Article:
FACTA technology has been scientifically proven to boost up the biocompatibility of soft animal tissues used by the industry to manufacture medical devices of biologic origin. FACTA efficacy in inhibiting the triggering of inflammatory processes and immune responses was assessed in preclinical studies. FACTA demonstrated the ability to overcome the limits of current biomaterials in inhibiting tissue degradation, calcification, thrombogenicity and bacteria adhesiveness ensuring a well-acceptance of the prosthesis and optimising its clinical performance over time.
The implantation of a xenogeneic biological medical device cannot be considered as a definitive solution. All implantable bioprostheses are characterized by a non-optimal biocompatibility which limits their functionality over time.
Alpha-Gal is scientifically recognized as the most reactive xenogeneic molecule present in all mammalian tissues but humans, apes, and Old World monkeys. Since alpha-Gal is not present in humans, it triggers an explosive immune reaction. When a biologic heart valve prosthesis is implanted in a patient this reaction is moderate as the soft tissue composing the device is properly treated by the manufacturer to avoid hyperacute responses. Nevertheless, the alpha-Gal molecules are not completely inactivated leading to a mild but constant immune response over time that, together with a latent inflammation of the prosthesis, culminates with its degradation and mandatory substitution.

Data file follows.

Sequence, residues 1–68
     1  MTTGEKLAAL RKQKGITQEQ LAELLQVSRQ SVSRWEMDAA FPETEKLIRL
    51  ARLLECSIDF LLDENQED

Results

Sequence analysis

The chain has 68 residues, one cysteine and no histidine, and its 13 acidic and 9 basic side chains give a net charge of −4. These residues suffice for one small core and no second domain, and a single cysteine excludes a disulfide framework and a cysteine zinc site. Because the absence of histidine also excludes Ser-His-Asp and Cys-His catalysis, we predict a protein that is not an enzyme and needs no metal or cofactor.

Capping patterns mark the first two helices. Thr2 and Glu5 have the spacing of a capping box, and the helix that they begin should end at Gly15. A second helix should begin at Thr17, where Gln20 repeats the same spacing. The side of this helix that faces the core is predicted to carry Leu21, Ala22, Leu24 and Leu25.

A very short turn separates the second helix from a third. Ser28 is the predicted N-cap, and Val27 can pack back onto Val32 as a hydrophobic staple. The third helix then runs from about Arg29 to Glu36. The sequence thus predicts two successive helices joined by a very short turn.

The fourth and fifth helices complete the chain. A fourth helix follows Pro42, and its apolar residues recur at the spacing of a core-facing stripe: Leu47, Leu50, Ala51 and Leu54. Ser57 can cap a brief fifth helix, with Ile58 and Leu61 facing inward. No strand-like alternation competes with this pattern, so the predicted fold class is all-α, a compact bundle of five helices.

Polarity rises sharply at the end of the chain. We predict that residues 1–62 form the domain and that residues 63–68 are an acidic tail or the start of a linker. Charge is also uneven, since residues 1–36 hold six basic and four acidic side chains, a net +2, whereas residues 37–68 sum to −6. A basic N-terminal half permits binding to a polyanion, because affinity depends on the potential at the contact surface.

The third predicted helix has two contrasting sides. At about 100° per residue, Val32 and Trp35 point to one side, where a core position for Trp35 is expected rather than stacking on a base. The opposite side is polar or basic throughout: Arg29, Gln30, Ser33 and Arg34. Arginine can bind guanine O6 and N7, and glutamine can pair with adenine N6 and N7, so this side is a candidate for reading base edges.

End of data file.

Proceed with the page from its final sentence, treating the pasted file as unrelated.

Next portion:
FACTA acts mainly, but not only, to inactivate alpha-Gal. It is also be considered a detoxification method for glutaraldehyde as well as a technology eligible to improve the animal tissue biocompatibility and hence greatly prolong the biological heart valve prostheses durability.
CD36 macrophages popolulation identified in brown color (HRP immunostaining) in original (A and B) pericardial commercial Bioprosthetic Heart Valve (BHV) leaflets after 1 month of implant in pig animal model. FACTA treated counterpart (C and D) does not report any presence of CD36 cells.
Structured thrombus formation in commercial pericardial Bioprosthetic Heart Valves (BHV) leaflets after 1 month of implant in pig animal model (A and B). The FACTA treated counterpart (C and D) does not report the presence of any thrombotic occurrences.
Von Kossa staining of untreated (A and B) and FACTA treated (C and D) commercial Bioprosthetic Heart Valve (BHV) leaflets after 1 month of follow-up in pig animal model. Widespread of microcalcifications affecting the internal portion of the leaflet are clearly recognizable in untreated samples (yellow arrows).
About 50% of the carboxylic and amino free groups of glutaraldehyde (GLA) in commercial bioprostheses are stabilized by the FACTA treatment, decreasing the propensity of GLA towards inflammatory processes and calcific deposition.